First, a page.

The Student Government Association of UNCG (SGA) has new executive leadership for the ‘21-’22 school year. Ali Hamdoon, the current Vice President of SGA, and Haz Mengesha, currently a sophomore senator in SGA, were elected by the students in the SGA general elections which were held in late March.
They will serve, respectively, as the President and Vice President for the next session of SGA, the 99th session. Both President-elect Hamdoon and Vice President-elect Mengesha sat down with The Carolinian to reflect back on their SGA experience thus far and discuss their new roles.
This interview has been edited for length and clarity.
How long have you both been a part of the SGA?
Ali: I’ve been in SGA ever since fall of 2019, so the beginning of my sophomore year up until now.
Haz: I joined SGA in the fall.
What sparked your interest in joining SGA?
Ali: So basically, I’ve always wanted to be a part of student government ever since I was in middle school. That may sound weird, but I’ve always felt like being a part of something that the school collaborates on was pretty important to the students because we’re all students and together, we’re trying to, you know, socialize, figure out what we want to do in life, and things of that nature.
In middle school, I didn’t have the opportunity to run, in high school I didn’t either. I didn’t have the voice that I felt like I have now, so when I came to UNCG, I was in the EUC and they [SGA] were tabling. It was actually Edmond Gayton, who’s one of the senators and chairs now, as well as Paige Gammon, who’s a Secretary now, and they approached me and we spoke quite a bit. I asked them a fair amount of questions, we spoke about fifteen to twenty minutes. I was like, “I didn’t know that UNCG had a student government, but I’m interested.”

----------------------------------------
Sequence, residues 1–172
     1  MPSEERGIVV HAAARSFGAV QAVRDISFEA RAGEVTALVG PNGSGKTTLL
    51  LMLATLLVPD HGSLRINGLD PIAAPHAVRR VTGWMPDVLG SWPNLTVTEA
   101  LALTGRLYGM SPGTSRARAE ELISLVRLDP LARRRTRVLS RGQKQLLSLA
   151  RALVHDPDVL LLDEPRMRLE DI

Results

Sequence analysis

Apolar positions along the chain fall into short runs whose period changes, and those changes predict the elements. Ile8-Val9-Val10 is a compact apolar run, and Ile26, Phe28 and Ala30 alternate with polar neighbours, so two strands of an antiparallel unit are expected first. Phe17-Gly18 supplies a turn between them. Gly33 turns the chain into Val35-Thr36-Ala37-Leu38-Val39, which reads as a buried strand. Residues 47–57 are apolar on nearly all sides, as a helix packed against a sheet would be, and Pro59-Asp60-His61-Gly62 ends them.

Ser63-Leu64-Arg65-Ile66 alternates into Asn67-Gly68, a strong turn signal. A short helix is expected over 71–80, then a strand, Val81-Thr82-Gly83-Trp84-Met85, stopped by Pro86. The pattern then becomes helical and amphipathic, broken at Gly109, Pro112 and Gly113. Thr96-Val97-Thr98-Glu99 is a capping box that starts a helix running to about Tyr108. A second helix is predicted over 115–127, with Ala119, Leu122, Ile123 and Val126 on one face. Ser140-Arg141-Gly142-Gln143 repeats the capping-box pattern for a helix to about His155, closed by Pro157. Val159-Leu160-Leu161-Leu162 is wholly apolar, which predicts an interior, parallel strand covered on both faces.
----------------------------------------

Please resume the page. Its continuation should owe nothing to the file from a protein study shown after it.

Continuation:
That’s definitely one of the main reasons that I joined, I was like, “I want to know what student government organizations do now”, this was back in Fall of 2019. Through that, I joined and I became a residential senator because I was living in a residential college — Grogan College here at UNCG. I did town halls. I collaborated with my constituents and the students that lived in my building. I did some events, and then after that, I soon ran for Vice President, and now I am currently serving as your President-elect for the next session.
Haz: When I was in high school, I was a part of an equity leadership group my junior and senior year. Once I was a part of that equity group, we led faculty workshops promoting equity and inclusivity in our classrooms. Our high school was one of the first high schools to have that.
I talked to other high schoolers and other faculty about equity; once I came to UNCG, I wanted to do the same thing, promote more equity and inclusivity, so I joined SGA in hopes of promoting equity.
Once I started working in the committee, I started seeing that I could be tapped in to housing and other constituencies on campus, and I was still doing what I wanted to do in other areas that I didn’t expect I could be involved in. I joined SGA to promote that equity and an inclusive environment.
What are you most proud of achieving in the 98th session?
Haz: The $1500 that was just passed for housing. That was really a student concern and they just wanted compensation at first and it turned out to be that everyone got the $1,500. I’m proud that we were able to advocate for that and have that pushed for all students staying on campus.
What do you hope to achieve as President and Vice President?
Ali: As President of the 99th session, honestly, I want to go to the meetings, I want to hear what the faculty has to say, and then I want to relay that to the students. I want them to have a clear line of communication that’s super approachable, I don’t want to have that “Oh, he’s the President, oh, he’s the Vice President.” I want us to be like other students like Haz was mentioning.